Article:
This beautiful Shakyamuni Buddha statue is seated in dhyana asana or meditative pose. In this position, the legs are crossed, closely locked with the soles of both feet visible. Lord Buddha is seated on a double lotus throne with rounded lotus petals. His youthful face conveys a gentle inward expression. His monastic robes are flanked with beautifully carved foliate vines. The protuberance above his head denotes superb mental acuity and his long earlobes denote superb perception. The third eye in the center of His forehead is a symbol of spiritual awakening of knowledge and wisdom. The third eye in this particular piece is silver plated.
Located on the backside of the statue you will find a wheel and deer emblem representing the natural harmony and fearlessness of the deity’s pure realm and the Buddha’s first teachings at Deer Park in Sarnath. Like the solitary rhinoceros the deer is a symbol of renunciation, as he never sleeps in the same place on consecutive nights. The gentleness and grace of the deer represent the qualities of the true Buddhist mendicant.

The Buddha Shakyamuni, at the moment of enlightenment, invoked the earth as witness, as indicated by the fingers of his right hand, which spread downward in bhumisparsha mudra, “the earth touching gesture”. As the Buddhist sutras narrate, the sun and moon stood still, and all the creatures of the world came to offer respect to the Supreme One who had broken through the boundaries of egocentric existence. All Buddhist art celebrates this moment and leads the viewer toward the Buddha’s experience of selfless and unsurpassed enlightenment.

The first humanlike representations of the Buddha are said to have been drawn on canvas from rays of golden light emanating from his body. Later Buddhist art pictured the Buddha in numerous manifestations, but always as a model of human potential, never as a historically identifiable person. All forms of the Buddha, however, are commonly shown seated on a lotus throne (as seen here), a symbol of the mind’s transcendent nature. As a lotus rises from the mud to bloom unsoiled in open space, so too does the mind rise through the discord of its own experience to blossom in the boundlessness of unconditional awareness.

“Be a light unto yourself,” Buddha Shakyamuni declared at the end of his life. Become a Buddha, an awakened being, he urged, but never a blind follower of tradition.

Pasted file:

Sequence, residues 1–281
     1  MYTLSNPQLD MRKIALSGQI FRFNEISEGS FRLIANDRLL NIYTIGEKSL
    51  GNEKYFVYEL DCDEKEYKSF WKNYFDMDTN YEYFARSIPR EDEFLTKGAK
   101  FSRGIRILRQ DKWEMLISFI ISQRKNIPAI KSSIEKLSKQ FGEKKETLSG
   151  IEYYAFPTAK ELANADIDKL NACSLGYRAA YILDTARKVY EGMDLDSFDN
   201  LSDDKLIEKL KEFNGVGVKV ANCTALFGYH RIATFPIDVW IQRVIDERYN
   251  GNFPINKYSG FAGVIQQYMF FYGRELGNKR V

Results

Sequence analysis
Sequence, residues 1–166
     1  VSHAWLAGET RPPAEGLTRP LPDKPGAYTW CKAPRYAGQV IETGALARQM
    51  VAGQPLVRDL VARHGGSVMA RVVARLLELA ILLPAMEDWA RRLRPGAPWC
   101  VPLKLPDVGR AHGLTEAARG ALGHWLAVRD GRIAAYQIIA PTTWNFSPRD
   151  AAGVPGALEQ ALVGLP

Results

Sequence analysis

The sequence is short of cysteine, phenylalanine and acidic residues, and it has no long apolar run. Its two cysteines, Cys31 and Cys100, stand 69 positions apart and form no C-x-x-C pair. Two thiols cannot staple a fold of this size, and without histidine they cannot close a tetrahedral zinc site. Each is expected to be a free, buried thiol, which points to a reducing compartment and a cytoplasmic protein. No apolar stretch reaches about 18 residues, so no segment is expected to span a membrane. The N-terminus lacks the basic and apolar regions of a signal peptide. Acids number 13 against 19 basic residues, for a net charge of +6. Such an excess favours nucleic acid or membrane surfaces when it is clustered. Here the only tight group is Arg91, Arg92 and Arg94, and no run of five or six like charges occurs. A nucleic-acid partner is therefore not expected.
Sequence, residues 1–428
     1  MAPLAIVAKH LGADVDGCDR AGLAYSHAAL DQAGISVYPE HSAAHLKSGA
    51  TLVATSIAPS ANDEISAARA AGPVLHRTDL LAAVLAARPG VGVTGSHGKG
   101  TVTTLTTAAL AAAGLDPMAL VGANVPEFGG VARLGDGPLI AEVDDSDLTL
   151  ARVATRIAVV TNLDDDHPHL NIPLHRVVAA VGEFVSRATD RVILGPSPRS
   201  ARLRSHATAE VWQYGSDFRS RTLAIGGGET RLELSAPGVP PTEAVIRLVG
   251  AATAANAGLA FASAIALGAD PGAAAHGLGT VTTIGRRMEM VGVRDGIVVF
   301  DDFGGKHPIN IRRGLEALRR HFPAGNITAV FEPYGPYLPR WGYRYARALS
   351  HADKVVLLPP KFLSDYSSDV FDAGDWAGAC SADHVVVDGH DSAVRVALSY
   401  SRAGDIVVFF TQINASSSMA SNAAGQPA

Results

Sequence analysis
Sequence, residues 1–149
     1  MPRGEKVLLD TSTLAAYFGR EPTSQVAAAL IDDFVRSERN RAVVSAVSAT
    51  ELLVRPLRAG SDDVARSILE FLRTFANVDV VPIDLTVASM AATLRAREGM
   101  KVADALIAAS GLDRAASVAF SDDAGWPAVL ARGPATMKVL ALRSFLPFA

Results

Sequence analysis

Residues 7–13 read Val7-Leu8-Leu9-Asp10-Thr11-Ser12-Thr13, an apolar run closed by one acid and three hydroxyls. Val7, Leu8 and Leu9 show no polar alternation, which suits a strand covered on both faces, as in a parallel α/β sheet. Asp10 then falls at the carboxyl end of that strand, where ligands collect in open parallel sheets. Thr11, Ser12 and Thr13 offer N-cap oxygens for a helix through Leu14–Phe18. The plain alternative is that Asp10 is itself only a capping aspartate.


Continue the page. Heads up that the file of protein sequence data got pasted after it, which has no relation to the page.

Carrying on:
The base of this piece is sealed with a double vajra symbolizing the balance of the four elements and harmony of the four directions.

This sculpture was handcrafted in Patan, Nepal by master artisans of the Shakya clan who are considered among the best in the world. These craftsmen are the modern heirs to a centuries-old tradition of creating sacred art for use in temples and monasteries. The fine metalworking techniques have been passed down from generation to generation since ancient times.

This sculpture is a one of a kind statue, handcrafted  by the very talented artists of Nepal.

Cambodian Buddhas in Dhyana Mudra

Newly added colorful and vibrant hand carved and hand painted Cambodian Buddhas! These beautiful wood Buddha statues are seated in dhyana asana, the meditative pose also called padmasana. Their hands are in dhyana mudra which is the mudra of meditation. It is also called samadhi or yoga mudra.

Soapstone Buddha Statue in Abhaya Mudra

Abhaya Mudra Soapstone Buddha

This hand carved soapstone Buddha has a distinct Cambodian style. Lord Buddha is in the abhaya mudra also known as the protection gesture and is seated on a double lotus throne. He is depicted with heavy eyelids that evoke a mood of introspection and detachment, enhanced by the hint of a smile on the full lips. The distended earlobes, a legacy of Prince Siddhartha’s discarding his heavy gold jewelry further indicates the Buddha’s enlightened status. A simple yet elegant carving. There are two parts to this piece (which are attached), the Buddha and its double row lotus base. It is unpolished and thus has a matte finish.
This wood sculpture is a one of a kind statue, hand carved by the very talented artists of Cambodia. Every piece is truly unique!

Large Balinese Buddha Statues in Sharanagamana Mudra

Large Balinese Buddha

With blessings of loving kindness, we have sourced two magnificent Balinese Buddha statues, both carved from a solid piece of wood by the same artist. The muted colors of these pieces are absolutely stunning. Both of the Buddhas are depicted in sharanagamana mudra, also known as the gesture of giving refuge and protection. The circle made with the fingers symbolizes the taking of refuge as the union of method and wisdom, and the three extended fingers represent the Three Jewels of the Buddha, dharma and sangha as the objects of refuge.

Buddha Statue in Dharmachakra Mudra Dark Wood, 20″

Buddha Statue Dharmachakra Mudra Dark wood

Lord Buddha’s hands are in the dharmachakra mudra, the gesture of teaching. Dharma means ‘law’ and chakra means ‘wheel.’ Together they mean “turning the Wheel of Law.” This hand gesture was used by Lord Buddha while preaching his first sermon in Sarnath.
This sculpture was entirely hand carved and hand painted in Bali, Indonesia. Every piece is truly unique!